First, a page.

- Nylon strings – made especially for classical and traditional guitars. Make sure that you know which type is for you – each manufacturer has their own slightly different style of nylon strings, designed for flamenco or straight classical.
- Silk and steel – these strings are made especially for folk guitars. These have a soft and delicate tone, and are perfect for playing harmonies.
- Bronze strings – for folk and electro-acoustic guitars. These strings produce a warm and fairly well-balanced sound – bring on the arpeggios!
Tightening Your Strings: String Gauge - or String Sizes.
The tension of a string should correspond to its gauge - and to the material of which it is made. Steel guitar strings - so those for acoustic, acoustic electric, and electric - will require much more tension than those for a nylon string guitar. If you put electric guitar strings or bass strings on a classical, the guitar neck will just snap.
String gauges are often described as extra light, medium, heavy, or as a decimal figure that represents the diameter of the strings (.014 or .059 for example). The lower the number, the finer the string.
The tension of your strings will help define the sound and the kind of feel that you have.
Traditional gauges range from extra light to heavy, and though the differences may seem bewildering to a beginner, choosing the right strings can transform your playing.
The higher the gauge, the thicker the string, and the higher the tension will be when the string is tightened. Essentially, strings with high gauges could hurt your fingers and make it difficult to play, especially for beginners. It makes the strings more difficult to press to the fretboard.
Low gauges won’t hurt your fingers as much and will make it easier to play (perfect for students working on their finger vibrato), but they will make it more difficult to play certain techniques.
Generally, beginners should start with lower-gauge strings as they develop their fingers and explore different musical styles.
Watch out changing gauges on your guitar, however, because it can affect the intonation of your instrument.
Different Signs that It’s Time to Change your Guitar Strings
When do you need to change your guitar strings? How can you tell when they’re damaged or used up?
Here are some of the different signs:
- A broken string – Obviously, in this case, you need to replace the string in order to keep playing guitar. It’s nothing to worry about, because a broken string is fairly normal, but if it happens to you a lot, you probably need to get your guitar checked to make sure that there aren’t any problems. Tightening your strings too much or too little can also damage them and cause frequent breakages. Take your guitar to a specialist luthier if you are experiencing problems.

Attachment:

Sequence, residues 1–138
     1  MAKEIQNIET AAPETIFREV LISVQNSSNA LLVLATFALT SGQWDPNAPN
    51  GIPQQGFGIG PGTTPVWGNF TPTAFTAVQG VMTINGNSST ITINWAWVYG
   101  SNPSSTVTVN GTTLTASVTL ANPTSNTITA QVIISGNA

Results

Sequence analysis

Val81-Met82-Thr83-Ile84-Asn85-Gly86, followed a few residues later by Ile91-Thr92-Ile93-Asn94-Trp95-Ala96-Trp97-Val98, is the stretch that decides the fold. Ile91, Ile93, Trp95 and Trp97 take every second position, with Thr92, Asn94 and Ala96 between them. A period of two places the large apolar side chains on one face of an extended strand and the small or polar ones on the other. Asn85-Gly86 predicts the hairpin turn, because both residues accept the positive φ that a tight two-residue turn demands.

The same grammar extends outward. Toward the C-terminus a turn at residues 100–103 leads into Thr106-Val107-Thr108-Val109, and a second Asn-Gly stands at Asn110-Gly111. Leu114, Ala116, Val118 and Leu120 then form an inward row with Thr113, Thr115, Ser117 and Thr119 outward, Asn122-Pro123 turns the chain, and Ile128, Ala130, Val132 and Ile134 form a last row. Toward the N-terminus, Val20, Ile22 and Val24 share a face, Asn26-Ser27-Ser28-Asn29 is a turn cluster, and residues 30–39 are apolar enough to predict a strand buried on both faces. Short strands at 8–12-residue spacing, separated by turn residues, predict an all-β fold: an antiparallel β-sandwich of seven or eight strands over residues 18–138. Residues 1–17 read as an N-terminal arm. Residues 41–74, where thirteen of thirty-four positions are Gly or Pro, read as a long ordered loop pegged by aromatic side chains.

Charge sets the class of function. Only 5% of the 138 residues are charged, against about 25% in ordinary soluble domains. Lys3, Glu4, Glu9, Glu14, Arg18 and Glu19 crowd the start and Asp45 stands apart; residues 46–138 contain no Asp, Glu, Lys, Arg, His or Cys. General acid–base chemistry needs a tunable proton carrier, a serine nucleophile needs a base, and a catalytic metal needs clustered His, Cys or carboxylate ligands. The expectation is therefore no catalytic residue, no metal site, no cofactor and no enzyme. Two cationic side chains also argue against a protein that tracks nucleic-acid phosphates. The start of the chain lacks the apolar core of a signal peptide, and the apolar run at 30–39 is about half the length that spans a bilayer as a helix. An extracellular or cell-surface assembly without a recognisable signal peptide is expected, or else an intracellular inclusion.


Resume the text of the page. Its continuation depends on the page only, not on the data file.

- Oxidized string – Oxidization will occur on all metal strings, even on heavy gauges and acoustic guitars. If you’re sweating a lot as you play, that will also contribute to the oxidization. Some brands do anti-corrosive strings - such as Elixir Nanoweb - so that the string set doesn't oxidise so quickly.
- The sound just isn’t the same – often a new string will have a bright, clear, tone that quickly disappears as it’s played. Over time, the sound will become more muted and the notes cut abruptly as the strings vibrate less. If this happens, it’s time to change your strings. You'll notice this more on an acoustic guitar string than on an electric - because you don't have the amplification!
- You’re hitting the wrong notes – you’ve maintained your guitar, tuned it and adjusted everything, but it just doesn’t sound right. Some strings will loosen faster than others, which is why some notes sound wrong, but others are still okay. Guitar tuners can help with this in the short term, but get yourself to a shop that sells acoustic and electric strings pronto.
- Your strings are poorly made – it’s a common problem with new guitars, and not just for those on the cheaper end of the spectrum. Manufacturers, particularly at the low end, tend to put cheap strings on their guitars to keep costs down. We’d recommend changing the original strings with some higher quality ones to get a better sound and style.
- Are your tab readings confused because of the sounds coming from your guitar?
As you can see, there are many different reasons that you may need to change your strings and each guitarist will need to do so with a different frequency.